The first cocktail I learned to make was the Whiskey Sour. I made it with Scotch, which was a very poor choice, but I was just out of college and didn’t know better. It’s gratifying to discover, in retrospect, that even then I had enough wits about me to think that tinkering with the mix might lead to a worthwhile improvement in flavor. It took forever to realize that the problem was the Scotch. Well, it was too much lemon, too, but at least I finally figured it out.
I hope you still have some of the “Devil Mix” from Johnny Michaels’s Handsome Devil, because we need some for the Future Ghost.
Michaels describes the Future Ghost as “a Sazerac-Manhattan hybrid, served in a bordeaux wineglass.” Continue reading “Devil Mix and smoked absinthe: the Future Ghost Cocktail”
Are you ready to take on one of the grandest, and most insidious, punches of all?
It’s whiskey, brandy, rum, and Champagne all bundled up together. The result is Chatham Artillery Punch, a tricksy and seductive charmer—an iron fist in a velvet glove. Continue reading “The velvet glove — Chatham Artillery Punch”
It’s the Seelbach Cocktail‘s extraordinary ingredient list that caught my eye. The Seelbach is a champagne-based cocktail, which in itself is uncommon—there are only a handful of champagne cocktails in the canon. And it includes a healthy dose of bourbon as homage to its Kentucky heritage. But the shocker is that it also includes seven dashes—seven—of Angostura bitters.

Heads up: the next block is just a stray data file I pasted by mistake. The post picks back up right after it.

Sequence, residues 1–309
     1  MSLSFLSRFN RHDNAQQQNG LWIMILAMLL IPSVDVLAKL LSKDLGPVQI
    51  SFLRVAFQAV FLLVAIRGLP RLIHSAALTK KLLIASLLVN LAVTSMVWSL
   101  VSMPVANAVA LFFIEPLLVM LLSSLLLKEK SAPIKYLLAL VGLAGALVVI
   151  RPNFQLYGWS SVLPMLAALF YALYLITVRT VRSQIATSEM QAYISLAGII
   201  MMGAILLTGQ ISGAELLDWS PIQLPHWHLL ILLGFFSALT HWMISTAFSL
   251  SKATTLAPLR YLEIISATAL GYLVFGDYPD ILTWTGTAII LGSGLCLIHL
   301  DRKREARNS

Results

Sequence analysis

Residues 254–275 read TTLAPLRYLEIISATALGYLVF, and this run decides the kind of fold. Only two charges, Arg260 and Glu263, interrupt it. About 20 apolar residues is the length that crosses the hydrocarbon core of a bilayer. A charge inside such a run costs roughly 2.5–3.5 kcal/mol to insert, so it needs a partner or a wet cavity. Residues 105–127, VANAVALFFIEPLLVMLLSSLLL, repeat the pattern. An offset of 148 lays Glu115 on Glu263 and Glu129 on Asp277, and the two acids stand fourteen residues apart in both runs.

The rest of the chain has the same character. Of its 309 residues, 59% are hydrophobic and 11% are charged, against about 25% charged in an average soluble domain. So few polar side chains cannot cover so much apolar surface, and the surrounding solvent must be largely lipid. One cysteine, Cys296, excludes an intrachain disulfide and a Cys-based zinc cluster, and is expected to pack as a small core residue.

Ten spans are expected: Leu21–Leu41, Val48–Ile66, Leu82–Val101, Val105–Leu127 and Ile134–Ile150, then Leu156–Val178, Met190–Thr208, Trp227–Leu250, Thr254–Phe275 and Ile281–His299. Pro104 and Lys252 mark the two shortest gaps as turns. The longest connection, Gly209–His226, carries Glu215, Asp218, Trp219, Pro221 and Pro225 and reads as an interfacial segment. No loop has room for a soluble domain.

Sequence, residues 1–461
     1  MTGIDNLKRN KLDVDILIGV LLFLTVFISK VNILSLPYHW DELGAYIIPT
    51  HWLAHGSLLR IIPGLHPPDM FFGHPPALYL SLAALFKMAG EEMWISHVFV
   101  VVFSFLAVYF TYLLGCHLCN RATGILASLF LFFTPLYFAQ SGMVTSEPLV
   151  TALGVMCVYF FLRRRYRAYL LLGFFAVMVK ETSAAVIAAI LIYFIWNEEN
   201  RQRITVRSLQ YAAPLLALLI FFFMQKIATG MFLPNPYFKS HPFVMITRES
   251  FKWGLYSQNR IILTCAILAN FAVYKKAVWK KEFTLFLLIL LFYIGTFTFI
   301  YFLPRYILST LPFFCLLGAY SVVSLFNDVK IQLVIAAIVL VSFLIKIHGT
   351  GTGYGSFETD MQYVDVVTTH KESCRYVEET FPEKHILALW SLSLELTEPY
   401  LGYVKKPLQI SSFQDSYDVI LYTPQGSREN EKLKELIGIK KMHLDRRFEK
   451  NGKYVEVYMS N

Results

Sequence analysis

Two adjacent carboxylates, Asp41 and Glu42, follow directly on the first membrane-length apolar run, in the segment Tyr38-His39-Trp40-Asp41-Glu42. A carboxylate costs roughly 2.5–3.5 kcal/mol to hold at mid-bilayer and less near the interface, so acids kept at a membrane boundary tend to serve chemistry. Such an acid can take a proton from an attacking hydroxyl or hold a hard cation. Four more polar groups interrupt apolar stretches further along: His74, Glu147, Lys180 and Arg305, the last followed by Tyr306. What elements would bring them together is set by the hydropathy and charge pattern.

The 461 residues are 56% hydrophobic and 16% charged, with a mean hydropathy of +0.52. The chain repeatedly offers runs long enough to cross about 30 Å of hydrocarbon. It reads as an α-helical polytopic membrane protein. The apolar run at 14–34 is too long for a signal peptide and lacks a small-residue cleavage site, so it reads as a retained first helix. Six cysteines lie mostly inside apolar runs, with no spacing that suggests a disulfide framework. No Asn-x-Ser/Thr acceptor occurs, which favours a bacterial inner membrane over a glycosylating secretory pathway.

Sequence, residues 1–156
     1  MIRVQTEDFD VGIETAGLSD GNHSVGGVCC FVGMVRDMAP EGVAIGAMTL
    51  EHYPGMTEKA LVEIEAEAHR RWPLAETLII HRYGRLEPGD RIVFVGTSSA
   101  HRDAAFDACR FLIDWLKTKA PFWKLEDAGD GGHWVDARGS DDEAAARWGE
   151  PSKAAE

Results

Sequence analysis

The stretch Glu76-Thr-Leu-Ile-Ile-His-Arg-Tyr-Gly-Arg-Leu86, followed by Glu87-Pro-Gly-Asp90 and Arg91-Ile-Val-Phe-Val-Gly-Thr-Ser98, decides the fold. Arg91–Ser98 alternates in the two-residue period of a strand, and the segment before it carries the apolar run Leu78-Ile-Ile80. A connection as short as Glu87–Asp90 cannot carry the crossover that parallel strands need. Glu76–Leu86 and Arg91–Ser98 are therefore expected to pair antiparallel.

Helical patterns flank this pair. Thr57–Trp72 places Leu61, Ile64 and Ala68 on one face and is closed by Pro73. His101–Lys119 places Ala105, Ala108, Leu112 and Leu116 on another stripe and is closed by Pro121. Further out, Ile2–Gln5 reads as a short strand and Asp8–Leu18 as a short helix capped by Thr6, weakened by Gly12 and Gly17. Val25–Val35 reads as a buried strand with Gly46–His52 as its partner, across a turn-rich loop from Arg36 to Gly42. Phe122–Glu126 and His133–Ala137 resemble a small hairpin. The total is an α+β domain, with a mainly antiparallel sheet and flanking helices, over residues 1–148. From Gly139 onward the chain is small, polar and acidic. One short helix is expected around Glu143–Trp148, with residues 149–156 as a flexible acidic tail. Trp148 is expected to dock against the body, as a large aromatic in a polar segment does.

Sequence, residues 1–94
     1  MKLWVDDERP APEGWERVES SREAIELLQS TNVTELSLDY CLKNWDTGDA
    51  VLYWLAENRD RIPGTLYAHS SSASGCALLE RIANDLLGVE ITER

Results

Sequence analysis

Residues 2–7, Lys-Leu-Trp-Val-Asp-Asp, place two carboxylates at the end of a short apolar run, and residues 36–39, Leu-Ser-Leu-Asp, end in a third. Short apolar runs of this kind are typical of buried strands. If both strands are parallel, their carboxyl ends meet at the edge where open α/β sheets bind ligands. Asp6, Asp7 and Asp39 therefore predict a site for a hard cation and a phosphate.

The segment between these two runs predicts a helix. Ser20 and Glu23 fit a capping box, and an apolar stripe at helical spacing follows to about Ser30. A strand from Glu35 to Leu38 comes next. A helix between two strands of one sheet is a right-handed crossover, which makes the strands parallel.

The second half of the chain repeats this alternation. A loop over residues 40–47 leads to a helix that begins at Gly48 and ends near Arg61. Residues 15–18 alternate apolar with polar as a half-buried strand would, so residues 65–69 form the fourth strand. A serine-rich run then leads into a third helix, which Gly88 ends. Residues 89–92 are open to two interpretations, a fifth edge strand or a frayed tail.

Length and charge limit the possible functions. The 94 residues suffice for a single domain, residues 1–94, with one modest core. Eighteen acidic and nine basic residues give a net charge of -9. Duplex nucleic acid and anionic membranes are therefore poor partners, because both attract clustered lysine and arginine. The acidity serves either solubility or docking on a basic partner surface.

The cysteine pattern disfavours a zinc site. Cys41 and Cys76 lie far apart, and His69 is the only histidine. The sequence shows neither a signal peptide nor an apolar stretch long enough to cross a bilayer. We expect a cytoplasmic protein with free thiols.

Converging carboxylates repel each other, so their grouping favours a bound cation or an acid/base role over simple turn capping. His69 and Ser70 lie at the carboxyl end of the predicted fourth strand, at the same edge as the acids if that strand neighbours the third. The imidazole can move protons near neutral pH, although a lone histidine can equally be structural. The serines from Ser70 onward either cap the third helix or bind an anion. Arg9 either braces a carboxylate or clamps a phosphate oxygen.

But wait, there’s more: we need seven dashes of Peychaud’s, too. What th’…? Continue reading “Got bitters? — the Seelbach Cocktail”
The 1794 Cocktail is a welcome modernization of the Boulevardier, whiskey-heavy, with rye in place of bourbon. Attributed to Dominic Venegas, it is a natural evolution of that drink, and changes a classic but not-so-good mishmash into a deliciously bright and drinkable Manhattanesque whiskey cocktail. Continue reading “1794 Cocktail — the Boulevardier Comes to Manhattan”
…give us the manhattan, cold and dusky in a frosted glass, the luxurious swirl of rye and vermouth, a dash of Angostura bitters for tone, the one and only cocktail that really demands a cherry. Mark Kingwell, Classic Cocktails, a Modern Shake
There you have the template for one of the oldest of the classic cocktails. Various stories place the invention of the Manhattan in the 1870s or early 1880s, predating even the venerable martini. As with many of the great cocktails, there seems to be some mystery about its whereabouts before its first appearance in print; the Manhattan is first recorded in the 1887 edition of Jerry Thomas’s Bon Vivant’s Companion. Continue reading “Manhattan Cocktail, Cold and Dusky”